In many ways I consider myself a carbon copy of my mother 30 years later. Mostly we share genetic similarities: same nose, same height, and same love of literature and all things caffeinated, to name a few. But I discovered a new parallel between my life and my mother’s on a recent afternoon hike at Missouri’s Danville Conservation Area (CA).
One of my favorite stories from my mom’s childhood features her exploring my great-grandfather’s farm in Maries County. While this was certainly no rare occurrence for my mom, on this particular day she decided to investigate a side of the farm she usually left alone, the field her grandfather used especially for quail hunting.
When she arrived at her destination, she was greeted by an endless field filled with wild daisies in bloom. The unexpected sight left her with only one appropriate word: “Wow.”
Little did I know that my hike through the woods of Danville CA would be a Montgomery County walk in my mother’s shoes (literally—they were hand-me-downs straight from her closet), only in a different hue.
I took the loop around 3-mile Danville Glades Trail, located in the 313-acre eastern portion of Danville Glades Natural Area. The trail winds through gorgeous forests featuring some trees more than 200 years old, with a slight break of open field.
As I made my way across the first portion of the trail, I admired the awe-inspiring trees but wondered where all of the area’s supposed wildflowers were hiding.
Then I walked over the next ridge.
I’ve seen purple coneflowers before, but never in such overwhelming proportions. These pale-purple native wildflowers overtook the trailside landscape for nearly my entire hike. Purple coneflowers are one of my favorites. They were a welcome surprise that reminded me of my mom’s childhood experience.
Danville CA boasts other native wildflowers as well. I marveled in particular at deep purple spiderwort and bright yellow coreopsis, but by no means are the area’s wildflowers limited to these. More than 300 wildflower species have been documented at the designated natural area alone.
I wasn’t the only one who enjoyed Danville CA’s wildflowers that day. A few times while I attempted to photograph wildflowers, I had to duck to avoid being dive-bombed by hungry butterflies. Swarms of black spicebush swallowtails and orange-and-silver great spangled fritillaries decorated wildflower displays with their own festive colors.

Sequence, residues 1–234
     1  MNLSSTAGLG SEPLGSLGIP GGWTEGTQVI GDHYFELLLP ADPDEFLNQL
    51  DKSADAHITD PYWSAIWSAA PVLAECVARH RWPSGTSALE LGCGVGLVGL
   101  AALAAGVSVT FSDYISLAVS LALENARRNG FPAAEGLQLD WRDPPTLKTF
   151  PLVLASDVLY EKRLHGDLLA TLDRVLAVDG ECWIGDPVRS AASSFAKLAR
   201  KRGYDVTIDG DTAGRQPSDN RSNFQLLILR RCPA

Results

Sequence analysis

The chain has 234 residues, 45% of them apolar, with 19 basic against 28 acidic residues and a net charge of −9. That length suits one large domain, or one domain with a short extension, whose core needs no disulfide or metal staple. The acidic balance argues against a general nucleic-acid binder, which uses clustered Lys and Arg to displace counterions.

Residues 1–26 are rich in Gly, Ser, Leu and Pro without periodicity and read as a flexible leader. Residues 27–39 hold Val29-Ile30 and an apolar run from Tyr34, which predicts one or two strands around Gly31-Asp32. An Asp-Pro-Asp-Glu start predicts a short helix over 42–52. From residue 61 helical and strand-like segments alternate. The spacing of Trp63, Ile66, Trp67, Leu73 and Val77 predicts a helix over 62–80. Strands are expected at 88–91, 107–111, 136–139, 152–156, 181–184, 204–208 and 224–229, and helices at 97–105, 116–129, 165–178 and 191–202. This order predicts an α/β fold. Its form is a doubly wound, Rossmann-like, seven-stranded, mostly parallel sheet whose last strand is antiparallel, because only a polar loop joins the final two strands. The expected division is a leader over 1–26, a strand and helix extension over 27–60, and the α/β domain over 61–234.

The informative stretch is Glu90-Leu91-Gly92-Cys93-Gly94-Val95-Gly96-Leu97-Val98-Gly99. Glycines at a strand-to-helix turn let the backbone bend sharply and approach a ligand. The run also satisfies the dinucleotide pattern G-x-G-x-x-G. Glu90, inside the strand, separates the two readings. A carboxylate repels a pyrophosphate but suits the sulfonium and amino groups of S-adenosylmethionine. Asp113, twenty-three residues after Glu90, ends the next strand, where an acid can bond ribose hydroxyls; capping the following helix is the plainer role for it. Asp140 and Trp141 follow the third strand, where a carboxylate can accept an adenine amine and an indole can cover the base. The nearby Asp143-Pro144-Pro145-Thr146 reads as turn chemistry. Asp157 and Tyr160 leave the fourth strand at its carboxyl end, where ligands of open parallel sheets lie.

On a lucky whim, I spotted a whitetail doe leaping gracefully across an open field, likely with a fawn concealed somewhere in the tall grass. Danville CA’s quiet, secluded location makes it a great place to spy wildlife that might otherwise stay hidden due to too much human foot traffic. I gathered that this level of privacy was something a certain three-toed box turtle had come to rely on, based on his surprisingly impressive sprint from trail to grass upon my arrival.
Danville CA is a perfect day-trip hiking destination. Plenty of shade from trees and trailside clearings in the woods would make great spots for family picnics—but don’t forget the bug spray! The area provides primitive camping and public restrooms at two parking lots.
The area is easy to find, too, just a few miles down Route RB off I-70. A map and brochure are available on the MDC website at mdc.mo.gov/a6507.
Although I took my hike solo, the day brought to mind outdoor adventures with my own family, including memories of chasing butterflies with my dad and hearing stories of my mom’s daisy-sprinkled treks across the farm. Danville CA and hundreds of conservation areas like it not only help take care of Missouri’s forests, fish and wildlife, but also provide perfect places for families to discover nature together.
MDC works with Missourians to sustain healthy forests, fish and wildlife at more than 1,000 conservation areas, including nature centers, fish hatcheries, natural areas and shooting ranges. Consider taking a “staycation” to one this summer to pursue your favorite outdoor activities and discover nature close to home or across the state.